Business

February 20, 2013

Boeing, ADASI sign teaming agreement for unmanned aircraft systems

Boeing and Abu Dhabi Autonomous Systems Investments Company, a Tawazun subsidiary, Feb. 18 signed a teaming agreement for the two companies to address the growing Middle East market for unmanned systems.

Speaking at the International Defence Exhibition and Conference in Abu Dhabi, company representatives said the teaming agreement enables ADASI to provide training, support and marketing services for Boeing’s ScanEagle and Integrator unmanned aircraft systems in the United Arab Emirates, with prospects to expand into the Middle East and North Africa.

“This agreement advances Boeing’s strategy of partnering with best-in-industry companies such as ADASI,” said Debbie Rub, a vice president and general manager in Boeing Military Aircraft. “We plan to continue investing and growing in the UAE and the broader Middle East region in order to support U.S. allies’ enduring need for affordable intelligence, surveillance and reconnaissance (ISR) solutions, such as ScanEagle and Integrator.”

The agreement supports the ongoing drive to develop UAE national capabilities within ADASI. Boeing’s direct involvement with ADASI will open many opportunities for ADASI’s UAE nationals to develop their knowledge and skills through Boeing’s world-leading capabilities and experience in the management and implementation of technical programs.

“Today’s announcement is an important continuation of our strategy to build aerospace capabilities right here in the Middle East,” said ADASI Chairman Homaid Al Shemmari. “Our homegrown expertise, coupled with Boeing’s technical capabilities in unmanned aircraft systems, is a winning combination and one that we look forward to strengthening in the coming years.”

The teaming agreement expands on a previous agreement between ADASI and Insitu, a wholly owned Boeing subsidiary that makes the ScanEagle and Integrator. That collaboration allowed for support and sustainment of Insitu’s unmanned ISR products and services.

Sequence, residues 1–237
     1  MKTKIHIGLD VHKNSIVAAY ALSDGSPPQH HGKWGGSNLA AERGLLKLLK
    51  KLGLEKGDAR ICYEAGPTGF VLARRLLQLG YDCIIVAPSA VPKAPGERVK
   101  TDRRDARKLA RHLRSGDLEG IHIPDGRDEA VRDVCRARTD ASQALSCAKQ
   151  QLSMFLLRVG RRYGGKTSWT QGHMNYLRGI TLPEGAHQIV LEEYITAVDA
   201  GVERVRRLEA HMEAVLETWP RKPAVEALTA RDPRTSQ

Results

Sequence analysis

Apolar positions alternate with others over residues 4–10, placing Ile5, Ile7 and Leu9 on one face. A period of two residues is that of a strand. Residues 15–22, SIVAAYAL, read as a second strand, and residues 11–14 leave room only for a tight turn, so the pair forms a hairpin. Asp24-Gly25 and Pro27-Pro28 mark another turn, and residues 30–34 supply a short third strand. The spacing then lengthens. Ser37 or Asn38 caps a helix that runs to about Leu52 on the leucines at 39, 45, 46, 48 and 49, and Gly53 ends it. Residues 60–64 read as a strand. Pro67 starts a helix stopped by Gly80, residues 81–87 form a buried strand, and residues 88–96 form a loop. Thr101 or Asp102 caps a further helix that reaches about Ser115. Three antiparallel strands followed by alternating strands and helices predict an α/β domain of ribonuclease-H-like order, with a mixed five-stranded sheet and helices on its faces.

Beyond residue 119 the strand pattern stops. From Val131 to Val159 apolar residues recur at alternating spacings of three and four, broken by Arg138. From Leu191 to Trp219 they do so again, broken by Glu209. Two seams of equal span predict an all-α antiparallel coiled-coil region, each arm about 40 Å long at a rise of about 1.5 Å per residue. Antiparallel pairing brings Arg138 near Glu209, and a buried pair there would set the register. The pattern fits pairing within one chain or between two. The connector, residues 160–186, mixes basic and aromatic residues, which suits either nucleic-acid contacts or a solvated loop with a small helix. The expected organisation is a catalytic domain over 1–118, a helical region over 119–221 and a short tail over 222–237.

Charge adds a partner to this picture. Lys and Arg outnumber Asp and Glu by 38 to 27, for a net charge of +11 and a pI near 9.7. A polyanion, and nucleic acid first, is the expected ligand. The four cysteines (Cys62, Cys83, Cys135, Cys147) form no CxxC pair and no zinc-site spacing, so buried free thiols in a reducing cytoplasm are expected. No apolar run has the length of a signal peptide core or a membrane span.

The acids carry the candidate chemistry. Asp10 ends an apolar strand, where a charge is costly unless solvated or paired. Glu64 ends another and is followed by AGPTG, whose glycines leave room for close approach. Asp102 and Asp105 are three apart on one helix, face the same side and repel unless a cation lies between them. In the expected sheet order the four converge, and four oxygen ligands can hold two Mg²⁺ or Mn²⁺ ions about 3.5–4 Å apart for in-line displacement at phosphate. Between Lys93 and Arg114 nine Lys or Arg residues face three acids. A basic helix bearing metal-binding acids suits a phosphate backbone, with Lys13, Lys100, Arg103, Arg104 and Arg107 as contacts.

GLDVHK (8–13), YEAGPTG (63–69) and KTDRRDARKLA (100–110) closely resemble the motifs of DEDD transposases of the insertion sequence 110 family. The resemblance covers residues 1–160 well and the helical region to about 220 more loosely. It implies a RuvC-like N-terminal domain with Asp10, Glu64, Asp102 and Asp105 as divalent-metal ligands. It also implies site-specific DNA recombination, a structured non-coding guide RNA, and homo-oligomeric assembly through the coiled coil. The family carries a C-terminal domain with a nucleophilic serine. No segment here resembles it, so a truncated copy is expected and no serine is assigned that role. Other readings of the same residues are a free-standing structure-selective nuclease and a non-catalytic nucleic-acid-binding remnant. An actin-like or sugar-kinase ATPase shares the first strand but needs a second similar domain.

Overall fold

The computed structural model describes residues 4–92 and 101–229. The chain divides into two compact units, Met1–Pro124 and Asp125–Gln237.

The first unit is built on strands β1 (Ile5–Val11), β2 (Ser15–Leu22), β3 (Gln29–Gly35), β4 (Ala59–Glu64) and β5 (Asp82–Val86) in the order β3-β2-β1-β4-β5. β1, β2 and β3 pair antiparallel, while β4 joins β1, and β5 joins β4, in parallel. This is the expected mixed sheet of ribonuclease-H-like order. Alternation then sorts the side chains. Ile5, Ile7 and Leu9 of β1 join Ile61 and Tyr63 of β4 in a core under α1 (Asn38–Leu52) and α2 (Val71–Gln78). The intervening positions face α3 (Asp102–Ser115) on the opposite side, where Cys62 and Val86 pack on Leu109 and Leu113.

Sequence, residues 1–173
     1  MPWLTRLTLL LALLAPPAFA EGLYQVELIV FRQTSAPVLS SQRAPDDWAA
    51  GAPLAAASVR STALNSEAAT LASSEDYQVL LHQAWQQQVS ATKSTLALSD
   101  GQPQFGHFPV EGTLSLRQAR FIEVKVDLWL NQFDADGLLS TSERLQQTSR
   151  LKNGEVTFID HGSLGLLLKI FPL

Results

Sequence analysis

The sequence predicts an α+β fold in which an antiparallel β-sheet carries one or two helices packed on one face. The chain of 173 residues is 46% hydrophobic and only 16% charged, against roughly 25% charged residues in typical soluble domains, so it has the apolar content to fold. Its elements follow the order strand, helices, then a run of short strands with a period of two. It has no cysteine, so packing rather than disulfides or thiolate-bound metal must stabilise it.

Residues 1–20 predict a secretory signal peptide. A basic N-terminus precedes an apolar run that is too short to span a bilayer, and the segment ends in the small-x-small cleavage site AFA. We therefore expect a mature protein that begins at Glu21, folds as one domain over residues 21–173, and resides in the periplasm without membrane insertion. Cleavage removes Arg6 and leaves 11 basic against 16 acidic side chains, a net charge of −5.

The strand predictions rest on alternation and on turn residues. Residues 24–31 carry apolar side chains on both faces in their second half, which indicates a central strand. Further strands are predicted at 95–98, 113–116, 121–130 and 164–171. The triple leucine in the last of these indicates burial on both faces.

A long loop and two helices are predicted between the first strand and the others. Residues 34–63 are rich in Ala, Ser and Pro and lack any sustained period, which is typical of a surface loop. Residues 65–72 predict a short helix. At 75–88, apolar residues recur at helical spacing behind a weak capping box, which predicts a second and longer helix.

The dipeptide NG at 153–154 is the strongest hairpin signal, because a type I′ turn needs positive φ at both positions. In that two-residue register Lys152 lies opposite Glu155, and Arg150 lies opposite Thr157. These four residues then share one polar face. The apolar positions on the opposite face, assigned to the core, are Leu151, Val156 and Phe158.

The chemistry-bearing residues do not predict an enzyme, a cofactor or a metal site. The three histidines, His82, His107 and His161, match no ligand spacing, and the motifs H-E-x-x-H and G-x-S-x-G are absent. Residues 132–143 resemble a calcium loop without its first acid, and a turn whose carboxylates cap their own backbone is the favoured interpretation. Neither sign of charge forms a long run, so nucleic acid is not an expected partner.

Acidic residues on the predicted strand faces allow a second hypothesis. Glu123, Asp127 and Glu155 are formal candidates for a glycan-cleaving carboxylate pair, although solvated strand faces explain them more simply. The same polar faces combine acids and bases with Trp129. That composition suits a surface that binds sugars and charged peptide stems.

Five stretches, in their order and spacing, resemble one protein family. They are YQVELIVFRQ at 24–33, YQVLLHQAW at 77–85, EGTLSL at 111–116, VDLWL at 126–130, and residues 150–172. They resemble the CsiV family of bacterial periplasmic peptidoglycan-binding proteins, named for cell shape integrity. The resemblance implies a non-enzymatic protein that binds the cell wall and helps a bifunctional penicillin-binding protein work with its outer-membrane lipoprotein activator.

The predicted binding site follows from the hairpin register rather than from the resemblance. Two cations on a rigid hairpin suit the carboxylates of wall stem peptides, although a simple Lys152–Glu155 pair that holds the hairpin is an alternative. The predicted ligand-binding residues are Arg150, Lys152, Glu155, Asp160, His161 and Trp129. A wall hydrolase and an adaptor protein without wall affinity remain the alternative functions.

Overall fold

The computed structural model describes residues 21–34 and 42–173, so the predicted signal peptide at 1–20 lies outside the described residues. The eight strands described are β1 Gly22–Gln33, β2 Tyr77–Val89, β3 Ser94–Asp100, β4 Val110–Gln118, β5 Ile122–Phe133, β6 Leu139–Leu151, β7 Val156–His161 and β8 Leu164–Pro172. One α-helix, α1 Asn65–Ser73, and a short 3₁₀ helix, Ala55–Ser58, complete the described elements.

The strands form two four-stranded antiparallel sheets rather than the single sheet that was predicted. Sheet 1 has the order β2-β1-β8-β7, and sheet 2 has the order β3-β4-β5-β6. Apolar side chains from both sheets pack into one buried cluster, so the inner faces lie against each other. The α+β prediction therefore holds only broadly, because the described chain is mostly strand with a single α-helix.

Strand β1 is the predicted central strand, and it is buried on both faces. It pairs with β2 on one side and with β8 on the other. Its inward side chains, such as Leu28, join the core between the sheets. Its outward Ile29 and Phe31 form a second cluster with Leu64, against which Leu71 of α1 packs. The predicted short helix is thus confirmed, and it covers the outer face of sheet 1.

“Boeing continues to demonstrate its enduring commitment to the UAE not just by delivering commercial aircraft and defense systems, but also through solid partnerships such as this latest agreement,” said Boeing Middle East President Jeff Johnson. “In this way, we can help the UAE achieve its national objective of providing new career opportunities for its people.”

ADASI is the first UAE-based company to offer clients a comprehensive range of services to cover all types of autonomous systems. ADASI offers holistic solutions, starting with joint analysis of end-users’ needs, through formalization of their requirements, to equipment selection and procurement. ADASI also offers product or system design, development, testing and commissioning of localized subsystems and systems, and other engineering solutions, as well as training of customer teams, operational support and systems maintenance.

The Boeing Company has a long-standing relationship with the United Arab Emirates. From air transport and aviation support services to defense and satellite systems, Boeing has worked closely with UAE civil and defense authorities to achieve the country’s objectives and ambitions. Boeing values its relationships and partnerships in the UAE and the region and is committed to building on these relationships for mutual benefit into the future.